Another thing I found interesting was the fencing they had to put up around the field and within the stands.  This fencing is to protect people on the field by not having fans come at them or debris thrown at them.  This does not always work however, and there are other measures they try to take to keep all futbol participants as far away from fans as possible.  Besides the fencing on the field they also supply a large police force.  You would never see this in the states with the extreme fencing, but you would have police incase anyone got onto the field.  The fencing within the stands is also bizarre too.  There are police that usually line these fences to keep people even a further distance away from them.  These fences protect the people between them.  I would never want to be an opponent at a Latin American soccer game, especially a BOCA Jrs. one.  I have never had more fun at any sports game, and I hope I can see more when I come back to BsAs.  Go BOCA Jrs.; Beat River Plate!    

Path dependency theorists believe that once down a particular development path, there are considerable costs to go back and change the path, hence we can trace political dynamics in a country to events and decisions made in the past.  Evaluate the contemporary differences and similarities between the USA and Argentina based ont he different patterns of colinization.

This information was initially posted on D-Rock´s Blogs.

In a very informal "interview" Derek spoke with a fellow residencia resident Pancho (Francisco) about the differences in development between Latin America and North America.  Some of the main points of Pancho's argument include emotional opinions heavily weighted towards the positive aspects of North American development.  He says that "stupid, drunk Spaniards" colonized Latin America, and that Spain's goal was to rob resources that would be brought back to its country, not reinvested or used for local consumption - that Spain didn't need its colonies for anything other than a source of primary resources (what we touched on during lecture).  He believes that smarter people colonized North America, and that they interacted better with indigenous populations (compared with Spanish who killed almost all).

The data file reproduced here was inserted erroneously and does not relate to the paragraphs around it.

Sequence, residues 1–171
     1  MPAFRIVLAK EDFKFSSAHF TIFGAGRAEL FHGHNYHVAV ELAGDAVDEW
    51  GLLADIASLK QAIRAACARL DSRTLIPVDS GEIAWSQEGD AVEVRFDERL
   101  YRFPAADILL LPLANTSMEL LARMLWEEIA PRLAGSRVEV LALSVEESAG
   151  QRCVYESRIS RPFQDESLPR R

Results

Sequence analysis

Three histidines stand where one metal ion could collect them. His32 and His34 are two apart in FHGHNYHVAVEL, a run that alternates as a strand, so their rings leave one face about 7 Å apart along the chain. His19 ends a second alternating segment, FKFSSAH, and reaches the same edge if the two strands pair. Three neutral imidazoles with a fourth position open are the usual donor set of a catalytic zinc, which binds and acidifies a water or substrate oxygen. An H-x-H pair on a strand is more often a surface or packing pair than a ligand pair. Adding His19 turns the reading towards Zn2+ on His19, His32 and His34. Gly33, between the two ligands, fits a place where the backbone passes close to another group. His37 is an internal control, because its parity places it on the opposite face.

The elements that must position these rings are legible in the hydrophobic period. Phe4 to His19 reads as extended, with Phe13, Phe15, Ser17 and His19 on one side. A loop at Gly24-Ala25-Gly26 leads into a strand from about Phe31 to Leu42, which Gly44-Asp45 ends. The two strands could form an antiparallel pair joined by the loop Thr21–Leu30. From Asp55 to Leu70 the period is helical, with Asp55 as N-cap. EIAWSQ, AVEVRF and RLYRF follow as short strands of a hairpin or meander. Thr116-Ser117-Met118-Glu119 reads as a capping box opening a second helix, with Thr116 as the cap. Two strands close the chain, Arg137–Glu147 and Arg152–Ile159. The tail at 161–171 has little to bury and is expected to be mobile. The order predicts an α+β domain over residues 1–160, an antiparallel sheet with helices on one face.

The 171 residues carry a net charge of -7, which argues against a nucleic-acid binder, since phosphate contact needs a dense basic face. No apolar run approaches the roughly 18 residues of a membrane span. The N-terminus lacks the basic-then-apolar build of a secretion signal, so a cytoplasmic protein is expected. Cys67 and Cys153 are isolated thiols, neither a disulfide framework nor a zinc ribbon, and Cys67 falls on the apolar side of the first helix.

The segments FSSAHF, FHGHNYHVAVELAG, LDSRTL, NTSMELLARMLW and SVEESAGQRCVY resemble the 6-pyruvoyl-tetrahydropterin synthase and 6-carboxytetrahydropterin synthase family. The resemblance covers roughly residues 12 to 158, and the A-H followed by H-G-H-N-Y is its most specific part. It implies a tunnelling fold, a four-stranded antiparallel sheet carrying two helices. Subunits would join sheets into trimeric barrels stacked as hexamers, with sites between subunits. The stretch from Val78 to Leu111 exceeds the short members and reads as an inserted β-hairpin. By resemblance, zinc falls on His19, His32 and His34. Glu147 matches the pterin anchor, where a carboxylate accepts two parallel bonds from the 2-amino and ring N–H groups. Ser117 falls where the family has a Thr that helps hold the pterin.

Our group does not entirely agree with Pancho, though his opinions provide valuable insight about how Argentine citizens view their history.  As far as the smart/stupid argument, we can’t agree.  It’s true that the Spanish came to collect resources and return home, but this only means that their mindset, not their intelligence was any different than the settlers of the U.S.  The North American settlers were fleeing their (mainly English) homes in order to find a new one.  They were interested in development.  The majority intended to live in North America permanently and wanted to better their lives; thus, they had a vested interest in the land, its development, and its success.  This vested interest in the territory was not true for the Spanish until after independence, which was already much later than the American Revolution.